What Is the Connection between Hypoxia and COPD?

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  • Written By: Mary McMahon
  • Edited By: Shereen Skola
  • Last Modified Date: 14 October 2016
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Chronic Obstructive Pulmonary Disorder (COPD) can cause hypoxia, where the body does not get enough oxygen to meet the needs of all its organs and tissues. This is a known complication of the condition that may be addressed in a variety of ways as part of patient treatment. Some options for managing hypoxia can include administering oxygen, providing mechanical ventilation, or changing the patient’s position for sleep. Patients may also be regularly evaluated for signs that they are experiencing low oxygen levels.

In people with COPD, a combination of emphysema and chronic bronchitis limits the function of the airways. This condition is usually associated with smoking, although not always, and it is progressive in nature. Over time, the patient’s lung function will decline, making it more and more difficult to breathe. Heavy fits of coughing are commonly associated with COPD and patients may develop painful airway inflammation. Hypoxia and COPD are commonly seen together because the patient doesn’t get enough air.

This can be a particular concern at night. Patients may notice they have headaches or feel sluggish when they wake up, which is a result of not getting enough oxygen overnight. If a doctor suspects sleep-related hypoxia and COPD, the patient may need to wear an oxygen mask at night. Masks supply oxygen to the patient to limit hypoxic symptoms in the morning and prevent long-term damage.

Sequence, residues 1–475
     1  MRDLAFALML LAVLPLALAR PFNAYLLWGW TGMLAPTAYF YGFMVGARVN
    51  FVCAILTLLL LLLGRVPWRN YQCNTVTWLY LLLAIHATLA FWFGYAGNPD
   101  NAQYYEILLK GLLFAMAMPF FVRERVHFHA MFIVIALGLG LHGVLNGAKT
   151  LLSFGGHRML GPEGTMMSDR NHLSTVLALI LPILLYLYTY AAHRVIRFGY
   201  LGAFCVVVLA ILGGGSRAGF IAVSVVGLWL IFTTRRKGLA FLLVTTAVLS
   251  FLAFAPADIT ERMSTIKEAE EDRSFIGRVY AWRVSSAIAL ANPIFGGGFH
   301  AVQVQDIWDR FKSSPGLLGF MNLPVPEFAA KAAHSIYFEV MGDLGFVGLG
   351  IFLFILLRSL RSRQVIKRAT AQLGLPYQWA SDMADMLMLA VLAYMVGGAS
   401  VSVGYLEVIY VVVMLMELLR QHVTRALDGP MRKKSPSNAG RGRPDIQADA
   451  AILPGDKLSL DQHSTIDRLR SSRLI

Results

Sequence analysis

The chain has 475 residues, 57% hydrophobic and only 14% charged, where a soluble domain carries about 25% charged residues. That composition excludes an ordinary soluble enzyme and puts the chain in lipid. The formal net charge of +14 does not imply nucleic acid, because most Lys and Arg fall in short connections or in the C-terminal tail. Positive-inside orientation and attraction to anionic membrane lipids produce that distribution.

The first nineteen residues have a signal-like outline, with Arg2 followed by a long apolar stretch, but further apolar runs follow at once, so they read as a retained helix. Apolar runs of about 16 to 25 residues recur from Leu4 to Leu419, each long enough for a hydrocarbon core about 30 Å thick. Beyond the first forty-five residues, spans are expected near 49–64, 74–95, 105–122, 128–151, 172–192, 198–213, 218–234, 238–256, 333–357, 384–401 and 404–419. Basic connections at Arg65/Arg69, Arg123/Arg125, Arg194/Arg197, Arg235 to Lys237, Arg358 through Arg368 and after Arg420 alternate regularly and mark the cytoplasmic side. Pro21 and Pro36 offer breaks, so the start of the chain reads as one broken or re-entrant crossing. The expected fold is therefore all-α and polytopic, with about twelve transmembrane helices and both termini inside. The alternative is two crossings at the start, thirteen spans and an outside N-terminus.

As a patient’s condition grows worse, the hypoxia and COPD connection can become a bigger problem. The patient may become short of breath during relatively brief physical activity and can experience symptoms like bluing and chilling of the extremities. Organ damage can also be a potential concern, especially in the brain, which is highly sensitive to episodes of reduced oxygen supply. Managing hypoxia and COPD is critical for quality of life and comfort in the patient.

Regular monitoring may include lung function tests to see how well the patient is breathing as well as oxygen saturation testing. This checks for the level of oxygen in the blood to determine how much is in circulation. When it drops, this indicates that the patient is not getting enough oxygen, and may be subject to complications.

Eventually, the airway inflammation and damage associated with COPD can become so severe that the patient is no longer able to breathe independently. Mechanical ventilation may be offered as an option to help the patient breathe. Long-term ventilation comes with significant risks, like infection in the airway, but patients may view these as acceptable to extend their lives.


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